Wednesday, June 14, 2017

Chesterton on Detective Fiction

G. K. Chesterton died on June 14, 1936, so, since I'm doing Agatha Christie's detective fiction for the fortnightly book, let's see what Chesterton has to say on the subject of detective fiction.

From "A Defence of Detective Stories":

By dealing with the unsleeping sentinels who guard the outposts of society, it tends to remind us that we live in an armed camp, making war with a chaotic world, and that the criminals, the children of chaos, are nothing but the traitors within our gates. When the detective in a police romance stands alone, and somewhat fatuously fearless amid the knives and fists of a thieves’ kitchen, it does certainly serve to make us remember that it is the agent of social justice who is the original and poetic figure; while the burglars and footpads are merely placid old cosmic conservatives, happy in the immemorial respectability of apes and wolves. The romance of the police force is thus the whole romance of man. It is based on the fact that morality is the most dark and daring of conspiracies.

From "Errors about Detective Stories" we get probably his most interesting ideas about detective stories -- for instance, that they reverse dramatic conventions:

The two methods of concealment are exactly contrary, for the drama depends on what was called the Greek irony – that is, on the knowledge of the audience, and not ignorance of the audience. In the detective story it is the hero (or villain) who knows, and the outsider who is deceived. In the drama it is the outsider (or spectator) who knows, and the hero who is deceived. The one keeps a secret from the actors, and the other from the audience.

Or that only bad detective stories try to confuse the reader rather than focus on making things clear to them:

The true object of an intelligent detective story is not to baffle the reader, but to enlighten the reader; but to enlighten him in such a manner that each successive portion of the truth comes as a surprise. In this, as in much nobler types of mystery, the object of the true mystic is not merely to mystify, but to illuminate. The object is not darkness, but light; but light in the form of lightning.

He says something similar in "The Ideal Detective Story":

The detective story differs from every other story in this: that the reader is only happy if he feels a fool. At the end of more philosophic works he may wish to feel a philosopher. But the former view of himself may be more wholesome – and more correct. The sharp transition from ignorance may be good for humility. It is very largely a matter of the order in which things are mentioned, rather than of the nature of the things themselves. The essence of a mystery tale is that we are suddenly confronted with a truth which we have never suspected and yet can see to be true.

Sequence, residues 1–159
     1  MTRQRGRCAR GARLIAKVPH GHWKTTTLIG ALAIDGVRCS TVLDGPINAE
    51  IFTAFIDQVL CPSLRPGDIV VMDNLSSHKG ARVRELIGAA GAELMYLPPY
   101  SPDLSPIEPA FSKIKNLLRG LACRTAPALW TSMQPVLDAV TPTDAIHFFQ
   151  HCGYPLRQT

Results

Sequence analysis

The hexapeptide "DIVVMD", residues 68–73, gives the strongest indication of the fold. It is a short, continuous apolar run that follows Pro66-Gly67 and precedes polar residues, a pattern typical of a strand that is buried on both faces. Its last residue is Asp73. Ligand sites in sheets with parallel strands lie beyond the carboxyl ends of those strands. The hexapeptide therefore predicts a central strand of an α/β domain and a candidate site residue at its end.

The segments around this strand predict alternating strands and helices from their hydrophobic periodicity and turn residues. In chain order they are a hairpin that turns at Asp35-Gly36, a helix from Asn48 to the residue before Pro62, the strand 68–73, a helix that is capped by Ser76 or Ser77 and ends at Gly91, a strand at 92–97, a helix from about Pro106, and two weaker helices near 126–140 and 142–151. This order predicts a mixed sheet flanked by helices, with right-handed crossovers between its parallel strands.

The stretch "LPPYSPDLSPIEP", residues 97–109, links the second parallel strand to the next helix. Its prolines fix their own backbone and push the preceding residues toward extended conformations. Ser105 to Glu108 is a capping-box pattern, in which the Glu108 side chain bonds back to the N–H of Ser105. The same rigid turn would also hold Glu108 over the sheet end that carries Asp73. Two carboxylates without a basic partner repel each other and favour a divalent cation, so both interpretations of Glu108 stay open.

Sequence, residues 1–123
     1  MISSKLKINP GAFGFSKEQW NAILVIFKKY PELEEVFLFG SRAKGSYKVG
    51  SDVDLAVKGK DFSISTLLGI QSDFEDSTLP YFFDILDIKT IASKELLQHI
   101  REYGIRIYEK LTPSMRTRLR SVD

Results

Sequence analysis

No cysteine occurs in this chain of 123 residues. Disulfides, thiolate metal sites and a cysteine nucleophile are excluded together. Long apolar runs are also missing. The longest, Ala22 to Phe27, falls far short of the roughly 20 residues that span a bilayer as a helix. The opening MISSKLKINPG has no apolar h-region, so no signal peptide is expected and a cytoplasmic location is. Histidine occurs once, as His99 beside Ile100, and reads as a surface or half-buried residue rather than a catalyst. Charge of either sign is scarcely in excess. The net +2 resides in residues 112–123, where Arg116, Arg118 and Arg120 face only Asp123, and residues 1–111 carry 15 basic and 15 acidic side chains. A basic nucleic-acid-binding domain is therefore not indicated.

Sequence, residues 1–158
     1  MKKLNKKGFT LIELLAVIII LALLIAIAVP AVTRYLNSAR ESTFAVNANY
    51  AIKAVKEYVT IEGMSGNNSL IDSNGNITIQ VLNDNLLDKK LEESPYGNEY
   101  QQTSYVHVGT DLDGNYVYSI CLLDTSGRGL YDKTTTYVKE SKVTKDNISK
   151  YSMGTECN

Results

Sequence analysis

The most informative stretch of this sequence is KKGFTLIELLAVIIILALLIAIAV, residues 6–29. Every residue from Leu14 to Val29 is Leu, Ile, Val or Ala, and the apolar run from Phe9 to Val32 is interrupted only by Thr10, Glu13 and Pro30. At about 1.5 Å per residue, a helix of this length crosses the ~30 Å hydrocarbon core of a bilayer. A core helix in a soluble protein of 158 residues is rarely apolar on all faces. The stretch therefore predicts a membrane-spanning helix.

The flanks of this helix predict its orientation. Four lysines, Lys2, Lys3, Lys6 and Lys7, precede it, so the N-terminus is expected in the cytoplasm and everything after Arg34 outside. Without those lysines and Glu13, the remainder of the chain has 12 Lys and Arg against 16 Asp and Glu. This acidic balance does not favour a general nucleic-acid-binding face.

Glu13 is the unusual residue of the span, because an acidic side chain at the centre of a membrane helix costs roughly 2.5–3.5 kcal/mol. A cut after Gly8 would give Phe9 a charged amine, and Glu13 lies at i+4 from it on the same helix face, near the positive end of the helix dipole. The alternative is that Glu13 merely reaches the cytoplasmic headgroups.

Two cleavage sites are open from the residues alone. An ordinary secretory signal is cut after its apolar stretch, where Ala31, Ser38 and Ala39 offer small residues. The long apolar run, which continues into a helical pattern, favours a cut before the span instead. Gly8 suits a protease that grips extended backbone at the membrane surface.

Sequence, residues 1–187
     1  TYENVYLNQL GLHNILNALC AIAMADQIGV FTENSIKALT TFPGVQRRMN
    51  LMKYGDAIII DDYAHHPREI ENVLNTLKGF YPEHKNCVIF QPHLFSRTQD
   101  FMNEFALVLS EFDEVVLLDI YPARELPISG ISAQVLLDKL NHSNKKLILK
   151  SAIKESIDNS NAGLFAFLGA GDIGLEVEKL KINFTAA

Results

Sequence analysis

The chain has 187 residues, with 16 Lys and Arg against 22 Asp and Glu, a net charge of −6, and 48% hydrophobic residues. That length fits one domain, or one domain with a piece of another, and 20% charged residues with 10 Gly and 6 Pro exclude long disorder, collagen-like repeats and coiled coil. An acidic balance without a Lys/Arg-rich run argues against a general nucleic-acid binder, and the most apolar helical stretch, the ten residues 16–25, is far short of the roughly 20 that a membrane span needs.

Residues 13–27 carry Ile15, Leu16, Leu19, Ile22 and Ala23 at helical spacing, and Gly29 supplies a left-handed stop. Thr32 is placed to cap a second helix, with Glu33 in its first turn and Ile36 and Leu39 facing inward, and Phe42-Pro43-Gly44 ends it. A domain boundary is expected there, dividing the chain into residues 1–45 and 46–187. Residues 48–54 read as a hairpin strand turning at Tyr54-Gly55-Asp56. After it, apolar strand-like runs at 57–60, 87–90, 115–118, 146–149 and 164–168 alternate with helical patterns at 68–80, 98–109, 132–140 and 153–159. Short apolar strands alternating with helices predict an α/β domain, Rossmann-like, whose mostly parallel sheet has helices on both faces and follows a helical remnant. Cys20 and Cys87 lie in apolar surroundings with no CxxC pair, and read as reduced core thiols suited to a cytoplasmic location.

And he also builds on this theme in his "How to Write a Detective Story", since it is the first principle for which he argues, using "Silver Blaze" as the example -- the success of the story is that the death is caused by one whom nobody suspects but in retrospect was the only completely reasonable suspect. The second principle is that the explanation of the mystery should be more simple than the mystery itself. The third is that the guilty party should already be on the stage for a plausible reason that has nothing to do with the fact that you need a guilty party:

The art of narrative consists in convincing the reader for a time, not only that the character might have come on the premises with no intention to commit a felony, but that the author has put him there with some intention that is not felonious. For the detective story is only a game; and in that game the reader is not really wrestling with the criminal but with the author.

And the fourth, related, principle of detective fiction that Chesterton identifies is that the author should keep in mind that the reader is really trying to out-think the author, not the criminal:

The instinct of the reader, playing hide-and-seek with the writer, who is his real enemy, is always to say with suspicion, "Yes, I know a surveyor might climb a tree; I am quite aware that there are trees and that there are surveyors, but what are you doing with them? Why did you make this particular surveyor climb this particular tree in this particular tale, you cunning and evil-minded man?"

And the last principle is that writing a detective story starts with an idea rather than going in search of one:

Where the story turns upon detection, it is still necessary that the writer should begin from the inside, though the detective approaches from the outside. Every good problem of this type originates in a positive notion, which is in itself a simple notion; some fact of daily life that the writer can remember and the reader can forget. But anyhow, a tale has to be founded on a truth; and though opium may be added to it, it must not merely be an opium dream.

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